...all reflect a boom in the cookbook publishing business. A paperback reprint will lower the cost to the purchaser, and also give a publisher a chance to correct egregious errors or add a postscript. Some will reissue a book in paper covers with a new layout or photos. Others will rearrange existing material to present it as more informative text while keeping the focus tight. Some magazines will reissue popular or classic recipes in an "easy" format. Here are some recent "re-editions"...
35.LUCKY PEACH 101 EASY ASIAN RECIPES (Clarkson Potter, 2015, 271 page, ISBN 978-0-8041-8779-4, $35 US hard covers) is by Peter Meehan and the editors of Lucky Peach, a quarterly journal of food and writing that has won multiple James Beard Awards for its single theme issues. These preps have been drawn from that magazine, and are designed for the fans and others who wish to explore easy Asian dishes such as pesto ramen, sichuan pork ragu, seaweed salad, five-spice chicken, braised chicken wings, or greens with whole garlic. Preparations have their ingredients listed in avoirdupois measurements, but there are tables of metric equivalents. Quality/price rating: 86.
36.TEA TIME (Skyhorse Publishing, 2015, 170 pages, ISBN 978-1-63450-343-3, $22.99 US hard covers)is by Francis Amalfi, who has written more than 15 food books. This book was originally published in Spanish as TODOS LOS TES DEL MUNDO; it has recipes, facts, and tips on tea preparation. It is also heavily illustrated. There is a history and culture, a description of various teas, therapeutic properties and household uses, and tea ceremonies. The recipes include infusions and tisanes, and there is even tasseomancy (reading tea leaves). At the end there is a select bibliography. You could try roasted peppers and potatoes with green tea, tea and mango sorbet, wild rice with tea, or green tea flan with vanilla and crunchy pistachio wafers. Preparations have their ingredients listed irregularly in both metric and avoirdupois measurements, but there is no table of equivalents. Quality/price rating: 86.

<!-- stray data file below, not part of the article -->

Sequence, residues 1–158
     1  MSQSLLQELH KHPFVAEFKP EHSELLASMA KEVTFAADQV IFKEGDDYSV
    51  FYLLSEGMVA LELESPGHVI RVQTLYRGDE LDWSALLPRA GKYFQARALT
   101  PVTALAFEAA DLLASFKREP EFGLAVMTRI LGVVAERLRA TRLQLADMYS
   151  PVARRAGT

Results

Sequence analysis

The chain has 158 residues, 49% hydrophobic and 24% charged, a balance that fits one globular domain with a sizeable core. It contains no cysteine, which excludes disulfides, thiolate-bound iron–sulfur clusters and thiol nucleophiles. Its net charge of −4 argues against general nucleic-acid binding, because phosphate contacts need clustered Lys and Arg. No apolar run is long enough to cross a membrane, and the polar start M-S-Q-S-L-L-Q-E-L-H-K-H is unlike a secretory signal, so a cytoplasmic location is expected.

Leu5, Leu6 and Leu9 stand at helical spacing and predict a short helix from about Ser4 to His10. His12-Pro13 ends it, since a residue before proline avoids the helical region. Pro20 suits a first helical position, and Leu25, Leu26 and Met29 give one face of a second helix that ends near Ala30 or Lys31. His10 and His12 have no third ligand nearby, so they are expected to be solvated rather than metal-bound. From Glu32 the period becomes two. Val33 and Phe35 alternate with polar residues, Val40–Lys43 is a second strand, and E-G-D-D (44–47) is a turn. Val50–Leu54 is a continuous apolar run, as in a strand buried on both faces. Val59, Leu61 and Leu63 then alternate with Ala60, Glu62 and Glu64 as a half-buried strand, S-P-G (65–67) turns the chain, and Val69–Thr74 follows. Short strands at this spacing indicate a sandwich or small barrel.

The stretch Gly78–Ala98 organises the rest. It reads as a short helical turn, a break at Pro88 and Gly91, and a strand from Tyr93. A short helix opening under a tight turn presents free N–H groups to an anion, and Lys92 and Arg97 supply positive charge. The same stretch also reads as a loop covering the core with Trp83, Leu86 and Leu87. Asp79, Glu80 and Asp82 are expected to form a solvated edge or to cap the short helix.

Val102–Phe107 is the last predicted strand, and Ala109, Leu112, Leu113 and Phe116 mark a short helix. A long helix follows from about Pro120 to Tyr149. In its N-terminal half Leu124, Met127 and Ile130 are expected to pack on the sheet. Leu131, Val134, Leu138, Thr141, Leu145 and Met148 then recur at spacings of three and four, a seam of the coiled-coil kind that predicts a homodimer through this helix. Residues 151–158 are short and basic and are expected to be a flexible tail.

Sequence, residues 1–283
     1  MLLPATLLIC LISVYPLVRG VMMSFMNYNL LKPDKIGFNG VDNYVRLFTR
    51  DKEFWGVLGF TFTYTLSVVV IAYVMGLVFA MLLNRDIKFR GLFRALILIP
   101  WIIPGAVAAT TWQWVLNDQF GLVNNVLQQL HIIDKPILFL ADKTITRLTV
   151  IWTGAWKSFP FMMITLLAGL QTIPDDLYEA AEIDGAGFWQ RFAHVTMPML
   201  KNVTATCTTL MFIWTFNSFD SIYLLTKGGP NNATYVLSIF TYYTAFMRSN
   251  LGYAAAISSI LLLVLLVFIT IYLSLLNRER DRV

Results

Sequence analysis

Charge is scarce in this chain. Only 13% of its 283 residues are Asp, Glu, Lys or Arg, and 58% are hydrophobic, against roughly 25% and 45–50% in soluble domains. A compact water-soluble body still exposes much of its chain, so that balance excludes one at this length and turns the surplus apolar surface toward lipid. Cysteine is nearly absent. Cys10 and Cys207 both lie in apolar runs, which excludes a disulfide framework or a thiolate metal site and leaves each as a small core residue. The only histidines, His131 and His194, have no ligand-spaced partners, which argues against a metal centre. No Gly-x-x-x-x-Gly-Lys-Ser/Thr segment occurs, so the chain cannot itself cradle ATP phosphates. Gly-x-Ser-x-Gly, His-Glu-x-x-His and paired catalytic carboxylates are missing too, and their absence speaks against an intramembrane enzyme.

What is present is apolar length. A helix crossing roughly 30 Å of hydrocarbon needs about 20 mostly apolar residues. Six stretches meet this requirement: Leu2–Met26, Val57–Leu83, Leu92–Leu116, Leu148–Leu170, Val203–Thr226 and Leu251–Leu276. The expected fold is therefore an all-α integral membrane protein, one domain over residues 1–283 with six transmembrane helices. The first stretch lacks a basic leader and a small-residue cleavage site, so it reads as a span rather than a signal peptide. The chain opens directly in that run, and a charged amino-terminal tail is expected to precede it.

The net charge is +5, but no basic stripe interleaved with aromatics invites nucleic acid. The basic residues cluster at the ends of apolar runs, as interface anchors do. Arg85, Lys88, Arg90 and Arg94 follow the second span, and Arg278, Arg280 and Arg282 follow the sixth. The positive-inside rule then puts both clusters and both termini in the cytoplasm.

37.MARK BITTMAN'S KITCHEN MATRIX (Pam Krauss Books, 2015; distr. Penguin Random House, 304 pages, ISBN 978-0-8041-8801-2, $35 US hard covers) has selected essays and photographs from his New York Times Magazine column EAT between 2011 and 2015. His simple formulae mix and match ingredients and techniques in a matrix to easily adapt many recipes for each season, taste, or flavour pairing. For example, white fish fillets can be done at least 12 ways: broiled, sauteed, roasted, poached with variations of garnishes and styles. Paillards (cutlets) are even more versatile, since any meat such as chicken, lamb, beef and pork can be used for the base and fried with different intents. He's got a lot of different variations for tomato sauce, Thanksgiving leftovers (over 20), and chicken parts. A great book to leaf through for ideas. Unfortunately, preparations have their ingredients listed irregularly in both metric and avoirdupois measurements with no consistency, and there is no table of equivalents. Quality/price rating: 86.